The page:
I have just finished reading Larry’s Party by Carol Shields.  I had previously read Unless by the same author and had enjoyed it, despite finding it a bit lengthy at times.  The same can be said of Larry’s Party.  It is not so much that it is lengthy, but that it is sometimes repetitive because of its structure.  The book is indeed divided into autonomous chapters which are connected to a particular year in Larry’s life.  Each chapter could actually stand on its own and make a short story since it does not seem necessary to have read the whole book to appreciate each chapter.  The chapters are also written like short stories: they do not relate the year but only an aspect of it; they are therefore suggestive and evocative.  However, this chapter autonomy also means that some information is constantly repeated, which can get a little annoying.

Through these various chapters, ranging from 1977 to 1997, we get a picture of Larry’s life, his emotions and how he has evolved with his society.  Larry having been married twice, with women of a different age, means that we can observe the evolution of gender relationships.  This theme actually occupies an important place in the final chapter, when the party of the title takes place and the guests are found discussing the position of men and women in society:

‘Being a man at this moment of history means -’
. . .
‘Well, we’re certainly no longer providers and guardians.  That went years ago.’
. . .
‘And hunting and fishing? – forget it.  Women sneer when men talk about hunting and fishing.’
. . .
‘A man these days is no more than an infrastructure for a penis and a set of testicles.’
‘That’s not true!  Tell me it’s not true.’
‘That’s all that’s required of us.  Our bodies are just walking, talking envelopes designed to contain our paltry store of genetic tissue.’
. . .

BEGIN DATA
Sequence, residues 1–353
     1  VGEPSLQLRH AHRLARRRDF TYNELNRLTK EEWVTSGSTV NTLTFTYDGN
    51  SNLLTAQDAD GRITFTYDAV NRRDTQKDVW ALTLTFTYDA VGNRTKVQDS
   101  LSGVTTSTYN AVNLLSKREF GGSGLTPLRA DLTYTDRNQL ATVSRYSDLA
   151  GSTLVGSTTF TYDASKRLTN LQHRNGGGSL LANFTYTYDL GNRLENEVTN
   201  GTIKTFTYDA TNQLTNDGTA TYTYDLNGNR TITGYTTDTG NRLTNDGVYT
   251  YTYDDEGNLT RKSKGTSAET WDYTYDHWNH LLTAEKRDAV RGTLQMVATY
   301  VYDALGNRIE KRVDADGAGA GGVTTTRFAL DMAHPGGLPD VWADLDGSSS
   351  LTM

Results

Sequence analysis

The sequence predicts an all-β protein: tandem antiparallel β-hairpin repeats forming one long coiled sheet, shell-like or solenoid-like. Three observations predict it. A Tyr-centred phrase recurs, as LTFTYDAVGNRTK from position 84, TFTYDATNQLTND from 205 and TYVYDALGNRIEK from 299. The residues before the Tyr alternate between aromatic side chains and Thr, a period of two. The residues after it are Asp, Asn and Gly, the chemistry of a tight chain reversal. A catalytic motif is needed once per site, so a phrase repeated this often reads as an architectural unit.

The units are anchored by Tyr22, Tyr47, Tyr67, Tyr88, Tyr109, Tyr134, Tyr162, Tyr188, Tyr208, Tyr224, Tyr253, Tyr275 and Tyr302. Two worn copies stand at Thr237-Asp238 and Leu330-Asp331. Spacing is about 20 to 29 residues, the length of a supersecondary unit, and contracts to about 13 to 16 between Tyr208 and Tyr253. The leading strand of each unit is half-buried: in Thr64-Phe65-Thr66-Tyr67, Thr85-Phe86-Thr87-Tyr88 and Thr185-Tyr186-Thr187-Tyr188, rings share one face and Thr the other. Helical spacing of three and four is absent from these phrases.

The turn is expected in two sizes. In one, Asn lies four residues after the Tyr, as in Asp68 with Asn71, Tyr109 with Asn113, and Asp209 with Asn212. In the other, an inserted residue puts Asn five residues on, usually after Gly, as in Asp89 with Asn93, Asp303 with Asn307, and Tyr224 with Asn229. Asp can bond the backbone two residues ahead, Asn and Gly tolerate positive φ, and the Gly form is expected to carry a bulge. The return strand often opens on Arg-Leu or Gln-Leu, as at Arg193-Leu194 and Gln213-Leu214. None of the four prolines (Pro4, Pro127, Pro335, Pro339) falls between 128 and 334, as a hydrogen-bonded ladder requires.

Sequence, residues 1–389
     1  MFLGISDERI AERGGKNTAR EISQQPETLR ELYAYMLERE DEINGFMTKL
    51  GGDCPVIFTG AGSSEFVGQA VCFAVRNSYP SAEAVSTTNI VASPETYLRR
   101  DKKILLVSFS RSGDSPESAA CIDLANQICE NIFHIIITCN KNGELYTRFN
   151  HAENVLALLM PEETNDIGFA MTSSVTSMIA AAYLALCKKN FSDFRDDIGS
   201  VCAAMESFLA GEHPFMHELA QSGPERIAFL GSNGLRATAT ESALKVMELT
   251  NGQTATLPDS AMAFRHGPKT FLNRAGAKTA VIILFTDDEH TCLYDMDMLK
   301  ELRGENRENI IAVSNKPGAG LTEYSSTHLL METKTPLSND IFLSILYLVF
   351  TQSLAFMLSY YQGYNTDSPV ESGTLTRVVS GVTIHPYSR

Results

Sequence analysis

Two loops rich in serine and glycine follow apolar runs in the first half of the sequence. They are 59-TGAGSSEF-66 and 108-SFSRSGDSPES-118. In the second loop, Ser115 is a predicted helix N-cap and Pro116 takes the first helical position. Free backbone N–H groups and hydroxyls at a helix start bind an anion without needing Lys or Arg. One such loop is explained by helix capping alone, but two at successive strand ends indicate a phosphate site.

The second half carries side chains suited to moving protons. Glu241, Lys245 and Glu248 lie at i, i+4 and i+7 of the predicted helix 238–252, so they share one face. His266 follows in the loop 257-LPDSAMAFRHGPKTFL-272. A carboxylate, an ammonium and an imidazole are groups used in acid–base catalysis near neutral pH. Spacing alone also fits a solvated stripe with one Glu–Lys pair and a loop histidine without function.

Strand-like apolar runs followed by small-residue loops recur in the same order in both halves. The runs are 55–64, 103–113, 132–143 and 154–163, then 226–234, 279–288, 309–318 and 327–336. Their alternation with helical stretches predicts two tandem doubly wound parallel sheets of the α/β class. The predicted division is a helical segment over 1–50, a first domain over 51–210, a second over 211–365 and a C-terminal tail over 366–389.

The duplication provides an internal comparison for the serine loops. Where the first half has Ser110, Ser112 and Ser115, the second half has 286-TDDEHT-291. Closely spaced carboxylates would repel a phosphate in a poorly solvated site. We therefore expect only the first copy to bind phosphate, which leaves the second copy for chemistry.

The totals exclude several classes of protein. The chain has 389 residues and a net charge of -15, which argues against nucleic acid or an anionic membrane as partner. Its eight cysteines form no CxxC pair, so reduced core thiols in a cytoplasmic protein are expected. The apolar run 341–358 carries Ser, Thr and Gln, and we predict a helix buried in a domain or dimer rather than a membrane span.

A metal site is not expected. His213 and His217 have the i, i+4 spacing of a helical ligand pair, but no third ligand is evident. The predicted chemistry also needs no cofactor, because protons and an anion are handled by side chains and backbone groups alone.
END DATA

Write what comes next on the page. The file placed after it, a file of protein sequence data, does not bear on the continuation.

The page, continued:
‘Being a man in 1997 means walking on eggshells.  I don’t dare tell a woman that she looks nice anymore.  That I like the color of her dress or the way she’s changed her hair.  They’d have me up for sexual harassment.’
. . .
‘My point is that we – both men and women – ought to cherish this period of confusion.  Our present period of discomfiture – well, it’s a great and ecstatic gift.  We’ve had 5000 centuries of perfect phallic clarity.  Everyone knew the script.  Men buttoned themselves into their power costumes -’
‘But at least we all knew who we were and what was allowed.’

Overall, I enjoyed this read and would definitely recommend the book.  Carol Shields writes with elegance and simplicity about the ordinary; yet, her writing is powerful and raises contemporary issues.

The reason why I picked up this book is that it was recommended to me by a person who is planning to adapt the final chapter, the party, as a play.  I think it is going to work really well.  I can’t wait!

P.S.: I have just joined the 4th Canadian Book Challenge hosted by John Mulford at The Book Mine Set and this is my first review for the challenge.  You can follow my progress on the “Book Challenges” page I have created for the occasion.